of beef cattle and horses. Sheep and milk cows have been raised on a smaller scale. The agricultural heritage of the valley, however, is one characterized

by a diversity of pursuits, generally on a subsistence level, but also operated

on a commercial level.

 

The 428 contributing architectural resources in the Crooked Run Valley

Rural Historic District are primarily domestic in nature and include examples dating from the eighteenth through the twentieth centuries. These include a handful of resources dating from the mid-eighteenth century, a large number

of resources dating from the Antebellum Period with a high concentration

in the villages of Paris and Delaplane, and a large number of resources from

the Reconstruction Period through the early twentieth century. Many of these resources are farm dwellings associated with complexes of agricultural out-

buildings including barns, silos, meat houses, icehouses, machine sheds, and

other functional buildings, and are often located on large tracts of land. Late-nineteenth- and early-to- mid-twentieth century tenant houses associated with these large farms dot the landscape. Together, these resources reflect the grow-

th and development of the traditionally agriculturally based and self-sufficient society that has occupied the Crooked Run Valley for over 250 years.

 

Though dwellings make up a large percentage of the resources in the district,

the area contains a variety of building types executed in a wide range of arch-

itectural styles. In addition to the domestic and agricultural resources noted, churches, schools, commercial, and industrial buildings (e.g., mills) also are present and help to illustrate the historical tapestry of life in the valley. As will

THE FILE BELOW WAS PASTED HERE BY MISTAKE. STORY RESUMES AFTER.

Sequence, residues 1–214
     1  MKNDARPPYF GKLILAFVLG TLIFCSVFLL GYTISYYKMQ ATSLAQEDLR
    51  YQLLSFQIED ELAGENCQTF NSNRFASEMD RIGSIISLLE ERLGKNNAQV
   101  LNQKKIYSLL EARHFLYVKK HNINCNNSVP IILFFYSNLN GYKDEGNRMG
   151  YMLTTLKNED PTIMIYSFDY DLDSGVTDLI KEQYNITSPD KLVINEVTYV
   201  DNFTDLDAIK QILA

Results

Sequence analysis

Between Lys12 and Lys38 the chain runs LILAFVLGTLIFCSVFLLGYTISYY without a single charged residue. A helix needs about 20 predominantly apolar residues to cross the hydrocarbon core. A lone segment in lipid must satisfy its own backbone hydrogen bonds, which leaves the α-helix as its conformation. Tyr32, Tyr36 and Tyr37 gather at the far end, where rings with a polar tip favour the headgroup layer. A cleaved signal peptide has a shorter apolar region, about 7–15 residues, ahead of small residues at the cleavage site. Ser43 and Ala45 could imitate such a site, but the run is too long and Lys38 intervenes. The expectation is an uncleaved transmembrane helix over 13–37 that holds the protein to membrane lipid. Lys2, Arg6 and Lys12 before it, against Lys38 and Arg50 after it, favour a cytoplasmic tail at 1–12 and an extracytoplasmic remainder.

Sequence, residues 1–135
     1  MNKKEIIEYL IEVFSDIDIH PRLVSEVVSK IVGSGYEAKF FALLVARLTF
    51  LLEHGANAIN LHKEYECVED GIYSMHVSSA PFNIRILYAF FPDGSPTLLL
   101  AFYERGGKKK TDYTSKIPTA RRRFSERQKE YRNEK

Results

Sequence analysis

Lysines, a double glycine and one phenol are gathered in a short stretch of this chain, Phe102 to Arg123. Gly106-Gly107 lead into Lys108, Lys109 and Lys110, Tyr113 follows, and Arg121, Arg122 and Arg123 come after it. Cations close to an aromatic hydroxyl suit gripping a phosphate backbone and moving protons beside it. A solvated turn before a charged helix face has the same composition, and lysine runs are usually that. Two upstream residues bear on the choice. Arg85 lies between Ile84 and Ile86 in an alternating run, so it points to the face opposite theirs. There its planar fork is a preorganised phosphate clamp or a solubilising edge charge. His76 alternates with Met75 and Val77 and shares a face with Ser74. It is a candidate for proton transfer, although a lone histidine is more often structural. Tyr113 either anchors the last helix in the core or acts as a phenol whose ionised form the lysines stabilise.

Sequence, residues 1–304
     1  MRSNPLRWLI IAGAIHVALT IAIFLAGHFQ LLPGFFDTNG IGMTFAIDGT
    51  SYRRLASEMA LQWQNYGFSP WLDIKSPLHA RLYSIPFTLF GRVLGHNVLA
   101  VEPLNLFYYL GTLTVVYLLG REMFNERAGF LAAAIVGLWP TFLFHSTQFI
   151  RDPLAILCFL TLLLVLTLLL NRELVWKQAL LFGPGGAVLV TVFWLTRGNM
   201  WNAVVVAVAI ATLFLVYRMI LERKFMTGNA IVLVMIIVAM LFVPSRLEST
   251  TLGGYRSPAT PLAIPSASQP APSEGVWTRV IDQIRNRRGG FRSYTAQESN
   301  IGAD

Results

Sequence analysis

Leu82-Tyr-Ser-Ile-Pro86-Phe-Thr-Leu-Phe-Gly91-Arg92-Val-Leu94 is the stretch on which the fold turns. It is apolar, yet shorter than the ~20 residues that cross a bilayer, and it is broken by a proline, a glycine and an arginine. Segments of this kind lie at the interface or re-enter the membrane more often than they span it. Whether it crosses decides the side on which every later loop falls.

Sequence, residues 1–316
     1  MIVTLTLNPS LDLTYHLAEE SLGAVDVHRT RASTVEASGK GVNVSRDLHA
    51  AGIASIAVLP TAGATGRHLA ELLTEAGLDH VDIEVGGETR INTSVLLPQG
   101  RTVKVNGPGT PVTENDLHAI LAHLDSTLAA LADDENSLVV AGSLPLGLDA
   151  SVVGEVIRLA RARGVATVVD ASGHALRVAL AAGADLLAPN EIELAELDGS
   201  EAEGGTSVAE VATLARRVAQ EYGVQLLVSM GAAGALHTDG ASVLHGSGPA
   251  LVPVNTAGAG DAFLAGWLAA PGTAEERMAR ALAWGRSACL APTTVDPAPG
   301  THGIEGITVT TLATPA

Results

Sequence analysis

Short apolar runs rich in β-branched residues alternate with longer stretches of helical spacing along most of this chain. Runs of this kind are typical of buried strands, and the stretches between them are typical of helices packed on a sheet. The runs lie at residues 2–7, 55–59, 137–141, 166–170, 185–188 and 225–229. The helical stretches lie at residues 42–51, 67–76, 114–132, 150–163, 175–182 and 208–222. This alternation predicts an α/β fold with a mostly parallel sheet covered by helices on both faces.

be discussed in the next section, these resources are associated with the histor-

ical themes of agriculture, education, religion, military, transportation, industry

and African-American heritage.

 

The natural landscape of the Crooked Run Valley is complemented by such cultural features as stone fences and historic roadbeds that continue to serve

as county roads winding picturesquely through the farms, ridges, and smaller valleys. Many of the abandoned roadways are still visible on the landscape.

An example is the former Boston-Yerby Mill Road, part of which lies within

Sky Meadows State Park and now serves as a hiking trail.

 

Modern development in the valley is predominantly residential or agricul-

tural in nature. Most new development in the district respects the historic settlement patterns of the valley, which is characterized by generously sized estates or farms.

 

The Crooked Run Valley's combination of rolling hills, open pastures, small villages, and dramatic mountain backdrops provides for many varied vistas

and scenic views. The spectacular view of the Crooked Run Valley from Route

50 at Ashby's Gap in the northwest comer of the district takes in the eastern

slope of the Blue Ridge, rolling hills, woodlands, farms, ponds, and the vil-

lage of Paris, and stretches east to the Bull Run Mountains and south to the Cobbler Mountains. It is one of the most photographed views in the state and,

in 1999, Scenic America named the valley and its surrounding land area one

of America's "Last Chance Landscapes."